I overextended. I am left with streaming allergies I thought I was overcoming, a migraine on top of that, and a body that can barely move. I wasn't able to take C & the children to the airport, and I am still not up to par, whatever par is (a moving target). It's hard to learn where to place healthy boundaries, as the aging body is not predictable. The work of seeing and hearing, documenting and celebrating the stories of people who are suffering is sacred work, and sometimes the work is its own reward and it returns energy and strength to me. Sometimes I cannot keep up. On Saturday I'm leading a workshop in Engaged Buddhism, and on Tuesday I have a public meditation in conjunction with a major climate justice moment in Portland. I need to restore myself enough to make those offerings.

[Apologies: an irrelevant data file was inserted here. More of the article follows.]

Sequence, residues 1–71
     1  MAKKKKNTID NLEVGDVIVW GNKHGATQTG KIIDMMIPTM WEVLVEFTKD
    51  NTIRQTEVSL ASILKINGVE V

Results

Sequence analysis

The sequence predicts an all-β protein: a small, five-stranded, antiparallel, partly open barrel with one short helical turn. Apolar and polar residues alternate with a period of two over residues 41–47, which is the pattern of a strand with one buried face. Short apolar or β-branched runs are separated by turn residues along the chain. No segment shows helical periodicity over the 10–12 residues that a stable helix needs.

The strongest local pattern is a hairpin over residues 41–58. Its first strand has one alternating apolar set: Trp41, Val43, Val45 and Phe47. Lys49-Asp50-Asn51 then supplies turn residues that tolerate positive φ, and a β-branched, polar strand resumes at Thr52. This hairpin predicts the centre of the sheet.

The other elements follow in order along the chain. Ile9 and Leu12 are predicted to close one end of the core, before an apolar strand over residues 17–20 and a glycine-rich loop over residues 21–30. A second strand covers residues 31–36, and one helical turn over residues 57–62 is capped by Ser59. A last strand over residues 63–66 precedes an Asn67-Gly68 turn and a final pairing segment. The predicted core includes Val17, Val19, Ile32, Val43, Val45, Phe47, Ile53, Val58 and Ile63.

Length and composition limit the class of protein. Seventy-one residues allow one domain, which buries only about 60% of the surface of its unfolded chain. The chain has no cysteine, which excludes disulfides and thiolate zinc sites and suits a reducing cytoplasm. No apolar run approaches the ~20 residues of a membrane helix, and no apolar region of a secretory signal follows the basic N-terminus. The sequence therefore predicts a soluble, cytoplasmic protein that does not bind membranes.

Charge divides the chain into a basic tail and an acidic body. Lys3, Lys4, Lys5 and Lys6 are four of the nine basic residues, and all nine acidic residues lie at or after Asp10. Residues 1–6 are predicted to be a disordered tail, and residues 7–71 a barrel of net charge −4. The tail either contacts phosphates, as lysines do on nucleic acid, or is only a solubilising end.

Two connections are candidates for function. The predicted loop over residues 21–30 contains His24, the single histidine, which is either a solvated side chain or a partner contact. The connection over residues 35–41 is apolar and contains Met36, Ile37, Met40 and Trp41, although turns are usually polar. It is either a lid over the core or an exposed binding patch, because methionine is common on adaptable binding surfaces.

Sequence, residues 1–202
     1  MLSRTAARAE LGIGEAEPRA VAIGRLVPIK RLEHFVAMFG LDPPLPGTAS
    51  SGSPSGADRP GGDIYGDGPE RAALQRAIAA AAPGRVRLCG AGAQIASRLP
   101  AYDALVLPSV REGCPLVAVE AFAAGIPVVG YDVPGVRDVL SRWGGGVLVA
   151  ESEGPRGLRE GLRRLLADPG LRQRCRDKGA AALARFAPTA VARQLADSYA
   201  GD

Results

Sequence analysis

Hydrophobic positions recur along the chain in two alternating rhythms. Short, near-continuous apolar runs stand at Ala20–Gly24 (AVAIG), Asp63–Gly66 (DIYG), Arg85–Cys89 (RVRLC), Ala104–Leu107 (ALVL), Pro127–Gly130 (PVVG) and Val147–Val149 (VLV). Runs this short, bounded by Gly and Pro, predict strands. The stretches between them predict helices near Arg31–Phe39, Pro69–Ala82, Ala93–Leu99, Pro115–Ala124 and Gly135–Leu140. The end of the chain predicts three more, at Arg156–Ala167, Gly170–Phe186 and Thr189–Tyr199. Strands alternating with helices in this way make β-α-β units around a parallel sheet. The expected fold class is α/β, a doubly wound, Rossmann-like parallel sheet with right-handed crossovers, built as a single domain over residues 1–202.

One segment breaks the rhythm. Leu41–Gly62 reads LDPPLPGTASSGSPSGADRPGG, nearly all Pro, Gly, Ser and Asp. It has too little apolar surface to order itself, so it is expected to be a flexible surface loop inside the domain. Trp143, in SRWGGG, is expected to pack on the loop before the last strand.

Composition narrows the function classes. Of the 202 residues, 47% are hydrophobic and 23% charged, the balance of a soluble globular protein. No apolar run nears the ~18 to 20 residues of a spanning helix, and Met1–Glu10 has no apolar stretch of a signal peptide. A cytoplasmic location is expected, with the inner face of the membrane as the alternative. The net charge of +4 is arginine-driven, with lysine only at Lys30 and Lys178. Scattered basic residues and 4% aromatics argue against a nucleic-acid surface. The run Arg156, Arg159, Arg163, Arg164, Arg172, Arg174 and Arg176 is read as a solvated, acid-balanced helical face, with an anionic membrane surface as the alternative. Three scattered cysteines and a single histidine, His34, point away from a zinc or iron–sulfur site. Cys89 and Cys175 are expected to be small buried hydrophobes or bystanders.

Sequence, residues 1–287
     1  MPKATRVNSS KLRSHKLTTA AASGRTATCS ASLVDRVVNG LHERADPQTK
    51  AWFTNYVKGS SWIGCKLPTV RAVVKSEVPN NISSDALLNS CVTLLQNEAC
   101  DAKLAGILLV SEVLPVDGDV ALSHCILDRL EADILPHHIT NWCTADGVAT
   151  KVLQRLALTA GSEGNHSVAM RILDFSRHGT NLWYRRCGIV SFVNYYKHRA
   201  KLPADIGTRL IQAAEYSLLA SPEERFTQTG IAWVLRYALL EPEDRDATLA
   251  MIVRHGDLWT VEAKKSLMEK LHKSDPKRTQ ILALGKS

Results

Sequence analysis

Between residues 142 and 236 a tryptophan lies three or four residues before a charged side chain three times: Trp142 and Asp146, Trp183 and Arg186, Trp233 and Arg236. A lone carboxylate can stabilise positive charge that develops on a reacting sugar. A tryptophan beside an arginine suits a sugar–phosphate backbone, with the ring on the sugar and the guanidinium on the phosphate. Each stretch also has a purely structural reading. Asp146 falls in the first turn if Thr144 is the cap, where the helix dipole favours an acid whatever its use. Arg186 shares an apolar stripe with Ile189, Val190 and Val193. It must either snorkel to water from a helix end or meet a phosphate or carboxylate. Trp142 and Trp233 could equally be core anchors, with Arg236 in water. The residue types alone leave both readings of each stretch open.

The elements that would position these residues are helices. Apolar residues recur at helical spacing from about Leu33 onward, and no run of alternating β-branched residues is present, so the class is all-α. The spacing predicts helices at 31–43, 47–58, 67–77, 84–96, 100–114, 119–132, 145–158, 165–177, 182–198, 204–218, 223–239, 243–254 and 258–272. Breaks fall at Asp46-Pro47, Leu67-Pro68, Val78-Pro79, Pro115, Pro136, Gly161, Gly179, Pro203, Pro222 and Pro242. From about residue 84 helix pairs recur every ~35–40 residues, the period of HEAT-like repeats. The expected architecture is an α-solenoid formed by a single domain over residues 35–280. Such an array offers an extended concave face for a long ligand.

When Buddhists help homeless people and prison inmates, they are called bodhisattvas. But when Buddhists ask why there are so many more homeless, so many people of color stuck in prison, other Buddhists call them leftists or radicals—saying that such social action has nothing to do with Buddhism…. Although mindfulness practices can be very beneficial, they can also discourage critical reflection on the institutional causes of collective suffering, what might be called social dukkha.—David Loy.
Do not be daunted by the enormity of the world’s grief. Act justly, now. Love mercy, now. Walk humbly, now. It is not your responsibility to finish the work of Tikkun olam, healing the world, but you are not free to desist from it either. —attributed to Rabbi Tarfon.